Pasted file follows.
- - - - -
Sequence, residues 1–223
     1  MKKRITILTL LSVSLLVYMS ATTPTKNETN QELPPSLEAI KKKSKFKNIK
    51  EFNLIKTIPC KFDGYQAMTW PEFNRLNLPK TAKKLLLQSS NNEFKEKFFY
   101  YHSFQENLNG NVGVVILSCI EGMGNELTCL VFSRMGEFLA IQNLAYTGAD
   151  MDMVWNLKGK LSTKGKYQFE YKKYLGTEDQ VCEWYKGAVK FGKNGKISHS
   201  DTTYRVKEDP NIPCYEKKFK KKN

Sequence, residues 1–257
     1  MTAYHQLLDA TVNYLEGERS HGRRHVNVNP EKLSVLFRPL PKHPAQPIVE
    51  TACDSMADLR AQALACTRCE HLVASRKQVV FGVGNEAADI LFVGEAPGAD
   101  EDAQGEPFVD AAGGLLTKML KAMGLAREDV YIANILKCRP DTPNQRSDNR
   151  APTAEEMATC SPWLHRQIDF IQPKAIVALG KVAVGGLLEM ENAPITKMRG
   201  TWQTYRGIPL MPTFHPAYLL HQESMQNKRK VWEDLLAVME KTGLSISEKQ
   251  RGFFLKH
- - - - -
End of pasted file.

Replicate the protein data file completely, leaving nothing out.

Sequence, residues 1–223
     1  MKKRITILTL LSVSLLVYMS ATTPTKNETN QELPPSLEAI KKKSKFKNIK
    51  EFNLIKTIPC KFDGYQAMTW PEFNRLNLPK TAKKLLLQSS NNEFKEKFFY
   101  YHSFQENLNG NVGVVILSCI EGMGNELTCL VFSRMGEFLA IQNLAYTGAD
   151  MDMVWNLKGK LSTKGKYQFE YKKYLGTEDQ VCEWYKGAVK FGKNGKISHS
   201  DTTYRVKEDP NIPCYEKKFK KKN

Sequence, residues 1–257
     1  MTAYHQLLDA TVNYLEGERS HGRRHVNVNP EKLSVLFRPL PKHPAQPIVE
    51  TACDSMADLR AQALACTRCE HLVASRKQVV FGVGNEAADI LFVGEAPGAD
   101  EDAQGEPFVD AAGGLLTKML KAMGLAREDV YIANILKCRP DTPNQRSDNR
   151  APTAEEMATC SPWLHRQIDF IQPKAIVALG KVAVGGLLEM ENAPITKMRG
   201  TWQTYRGIPL MPTFHPAYLL HQESMQNKRK VWEDLLAVME KTGLSISEKQ
   251  RGFFLKH